4 Conclusions

The results indicated that the developed juçara, banana and strawberry smoothie, preserved by pasteurization, under the conditions proposed in this work, can be stored for up to 90 days under refrigeration at 7 °C, ensuring its microbiological stability. At these conditions, the product presented good stability of anthocyanins, physicochemical characteristics and instrumental color, preserving its antioxidant capacity and sensory acceptance.

Practical Applications: The increase of chronic diseases related to inadequate dietary habits, such as the growing consumption of high density foods, leads to the need of making available to consumers healthier foods as a way of minimizing negative effects associated with the consumption of poor quality diets. Thus, this study may contribute to increase the availability of a healthy product, since the developed smoothie is rich in phenolic compounds and has no added sugar. In addition, may add value to the juçara agroindustrial-chain, a native fruit from Brazil, increasing the knowledge about development and storage of juçara-based smoothie.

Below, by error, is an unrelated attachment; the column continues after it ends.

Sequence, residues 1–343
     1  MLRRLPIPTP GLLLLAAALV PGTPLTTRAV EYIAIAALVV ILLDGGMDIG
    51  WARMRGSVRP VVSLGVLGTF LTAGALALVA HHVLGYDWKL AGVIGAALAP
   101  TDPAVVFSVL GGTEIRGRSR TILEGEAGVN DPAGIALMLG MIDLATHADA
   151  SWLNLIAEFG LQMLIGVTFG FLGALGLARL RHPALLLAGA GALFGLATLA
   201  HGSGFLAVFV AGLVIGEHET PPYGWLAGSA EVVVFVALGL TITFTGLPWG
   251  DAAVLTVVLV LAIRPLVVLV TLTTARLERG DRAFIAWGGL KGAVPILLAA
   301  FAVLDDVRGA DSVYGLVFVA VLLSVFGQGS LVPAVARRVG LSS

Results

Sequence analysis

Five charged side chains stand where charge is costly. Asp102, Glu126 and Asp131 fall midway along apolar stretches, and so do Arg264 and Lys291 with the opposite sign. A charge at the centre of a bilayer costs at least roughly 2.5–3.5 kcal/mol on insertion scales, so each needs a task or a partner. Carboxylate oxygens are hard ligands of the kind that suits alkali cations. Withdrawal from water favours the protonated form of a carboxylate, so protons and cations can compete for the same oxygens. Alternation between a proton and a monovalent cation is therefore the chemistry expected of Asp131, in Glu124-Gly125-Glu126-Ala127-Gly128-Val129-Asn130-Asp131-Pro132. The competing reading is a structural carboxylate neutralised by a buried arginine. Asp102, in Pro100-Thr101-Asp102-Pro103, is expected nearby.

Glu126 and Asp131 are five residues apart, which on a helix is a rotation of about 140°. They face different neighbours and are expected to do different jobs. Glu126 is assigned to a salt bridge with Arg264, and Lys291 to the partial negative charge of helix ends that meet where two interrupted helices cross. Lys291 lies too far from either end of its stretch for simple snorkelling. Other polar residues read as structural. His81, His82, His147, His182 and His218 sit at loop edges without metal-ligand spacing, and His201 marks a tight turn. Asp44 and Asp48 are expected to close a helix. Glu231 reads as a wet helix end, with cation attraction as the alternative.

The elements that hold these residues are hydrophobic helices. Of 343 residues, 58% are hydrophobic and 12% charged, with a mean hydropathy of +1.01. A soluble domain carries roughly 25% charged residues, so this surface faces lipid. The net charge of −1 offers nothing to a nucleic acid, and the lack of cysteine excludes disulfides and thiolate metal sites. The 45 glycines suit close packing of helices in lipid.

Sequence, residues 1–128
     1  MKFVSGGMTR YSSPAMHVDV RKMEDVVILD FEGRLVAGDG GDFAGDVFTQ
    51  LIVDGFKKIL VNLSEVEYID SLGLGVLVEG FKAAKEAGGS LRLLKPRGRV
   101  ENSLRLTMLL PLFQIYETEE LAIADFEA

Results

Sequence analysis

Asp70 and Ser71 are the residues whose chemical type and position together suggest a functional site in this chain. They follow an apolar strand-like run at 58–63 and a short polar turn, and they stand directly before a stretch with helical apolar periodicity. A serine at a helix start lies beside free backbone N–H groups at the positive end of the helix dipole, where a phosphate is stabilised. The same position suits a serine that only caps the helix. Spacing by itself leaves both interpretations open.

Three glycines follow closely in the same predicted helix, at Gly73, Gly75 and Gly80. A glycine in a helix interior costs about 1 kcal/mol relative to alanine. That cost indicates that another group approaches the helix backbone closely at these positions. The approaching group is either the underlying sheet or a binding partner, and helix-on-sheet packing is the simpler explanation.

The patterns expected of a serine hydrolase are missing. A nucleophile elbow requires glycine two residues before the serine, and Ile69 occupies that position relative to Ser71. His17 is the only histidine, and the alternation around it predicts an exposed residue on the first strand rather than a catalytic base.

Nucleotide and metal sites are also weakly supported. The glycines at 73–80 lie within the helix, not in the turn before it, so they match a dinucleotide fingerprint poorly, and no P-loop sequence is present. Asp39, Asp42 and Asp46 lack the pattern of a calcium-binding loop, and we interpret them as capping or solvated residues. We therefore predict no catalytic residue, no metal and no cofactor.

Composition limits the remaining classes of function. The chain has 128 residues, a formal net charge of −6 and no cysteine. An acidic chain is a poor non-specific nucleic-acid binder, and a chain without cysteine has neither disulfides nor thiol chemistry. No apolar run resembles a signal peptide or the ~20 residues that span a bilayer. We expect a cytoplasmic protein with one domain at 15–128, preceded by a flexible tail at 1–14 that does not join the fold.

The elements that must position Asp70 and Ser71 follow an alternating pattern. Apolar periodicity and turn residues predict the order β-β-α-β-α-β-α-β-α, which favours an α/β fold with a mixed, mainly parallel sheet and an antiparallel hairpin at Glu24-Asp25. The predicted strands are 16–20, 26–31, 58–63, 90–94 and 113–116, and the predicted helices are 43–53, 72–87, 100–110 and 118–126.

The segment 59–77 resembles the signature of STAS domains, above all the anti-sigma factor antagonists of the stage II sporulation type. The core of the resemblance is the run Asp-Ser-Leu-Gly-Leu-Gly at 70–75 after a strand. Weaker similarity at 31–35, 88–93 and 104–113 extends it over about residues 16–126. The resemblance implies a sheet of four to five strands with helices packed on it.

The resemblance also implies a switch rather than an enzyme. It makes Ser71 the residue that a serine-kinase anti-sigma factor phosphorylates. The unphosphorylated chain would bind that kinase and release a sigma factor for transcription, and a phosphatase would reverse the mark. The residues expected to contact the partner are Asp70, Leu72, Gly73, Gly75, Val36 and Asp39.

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Received: January 11, 2019; Accepted: July 23, 2019